Senior fellow at the Center for American Progress
The most significant impact of the Democrats taking control of congress would be on the war in Iraq and arms control. The Democrats would require the administration to put forward a strategy for Iraq that has reasonable benchmarks, estimated costs and timeframes, as well as an action plan for completing the mission. The Senate would also take up the Comprehensive Test Ban Treaty, as well as prohibit the weaponization of space and the development of new nuclear weapons.
Vice president for foreign and defense policy studies at the American Enterprise Institute
Democratic control of one or both congressional chambers would mean little change in the reality of foreign policy. The party is unlikely to have sufficient control to drive through controversial ideas. Members would be further constrained by a Republican Executive that already holds much of the necessary authority to conduct foreign policy. But reality is not everything. If the Osama bin Ladens, Mahmoud Ahmadinejads, and Kim Jong Ils of this world already believe Washington is weak and divided, they will only be encouraged by a Chairman Murtha, who believes America is more dangerous to world peace than Iran or North Korea, an empowered Senator Kerry, who longs for an end to the focus on terror, and a Speaker Pelosi, who believes an immediate withdrawal from Iraq is the wisest course.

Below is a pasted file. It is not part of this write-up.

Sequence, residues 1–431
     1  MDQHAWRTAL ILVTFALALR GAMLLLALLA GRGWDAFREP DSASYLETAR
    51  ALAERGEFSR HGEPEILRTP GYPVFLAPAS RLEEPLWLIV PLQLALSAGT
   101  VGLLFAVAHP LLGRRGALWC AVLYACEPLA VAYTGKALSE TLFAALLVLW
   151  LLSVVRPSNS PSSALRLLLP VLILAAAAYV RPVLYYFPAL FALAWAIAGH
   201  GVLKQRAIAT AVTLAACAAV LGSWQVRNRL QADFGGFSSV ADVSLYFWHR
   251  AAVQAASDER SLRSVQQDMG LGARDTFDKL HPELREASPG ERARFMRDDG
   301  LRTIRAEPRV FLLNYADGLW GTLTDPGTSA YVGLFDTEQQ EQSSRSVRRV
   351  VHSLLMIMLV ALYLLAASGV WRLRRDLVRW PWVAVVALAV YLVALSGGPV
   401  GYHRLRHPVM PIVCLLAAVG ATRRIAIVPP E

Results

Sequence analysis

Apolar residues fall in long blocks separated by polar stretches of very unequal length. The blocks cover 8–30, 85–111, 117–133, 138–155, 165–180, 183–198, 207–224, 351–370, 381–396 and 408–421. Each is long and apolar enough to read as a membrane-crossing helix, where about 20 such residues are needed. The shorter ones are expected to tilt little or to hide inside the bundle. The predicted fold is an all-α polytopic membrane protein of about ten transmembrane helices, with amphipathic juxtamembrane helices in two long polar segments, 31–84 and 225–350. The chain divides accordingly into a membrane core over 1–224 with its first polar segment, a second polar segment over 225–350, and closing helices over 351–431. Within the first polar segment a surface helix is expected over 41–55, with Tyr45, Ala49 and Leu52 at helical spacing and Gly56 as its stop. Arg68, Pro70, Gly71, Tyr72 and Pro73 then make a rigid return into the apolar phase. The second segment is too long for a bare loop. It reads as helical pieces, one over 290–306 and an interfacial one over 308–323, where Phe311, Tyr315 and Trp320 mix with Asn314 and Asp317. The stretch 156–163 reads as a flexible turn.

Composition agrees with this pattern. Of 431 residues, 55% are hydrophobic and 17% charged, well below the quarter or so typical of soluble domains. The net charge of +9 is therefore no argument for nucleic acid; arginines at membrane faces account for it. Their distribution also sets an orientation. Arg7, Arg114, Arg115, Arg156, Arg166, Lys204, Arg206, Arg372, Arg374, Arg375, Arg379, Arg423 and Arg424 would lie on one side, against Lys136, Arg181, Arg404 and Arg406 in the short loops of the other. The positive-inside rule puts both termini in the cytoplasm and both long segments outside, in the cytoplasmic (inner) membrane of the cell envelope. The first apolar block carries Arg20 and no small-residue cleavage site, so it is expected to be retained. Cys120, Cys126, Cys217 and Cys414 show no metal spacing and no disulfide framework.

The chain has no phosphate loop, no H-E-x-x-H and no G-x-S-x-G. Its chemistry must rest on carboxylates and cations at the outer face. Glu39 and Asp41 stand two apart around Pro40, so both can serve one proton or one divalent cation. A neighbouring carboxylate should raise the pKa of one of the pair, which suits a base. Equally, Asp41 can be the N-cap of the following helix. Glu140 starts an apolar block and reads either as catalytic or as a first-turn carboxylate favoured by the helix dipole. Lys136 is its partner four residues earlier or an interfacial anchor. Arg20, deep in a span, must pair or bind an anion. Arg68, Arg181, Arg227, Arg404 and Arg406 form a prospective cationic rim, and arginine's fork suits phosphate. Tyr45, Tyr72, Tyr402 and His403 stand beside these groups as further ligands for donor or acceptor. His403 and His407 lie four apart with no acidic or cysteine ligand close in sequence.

Senior follow at the Brookings Institution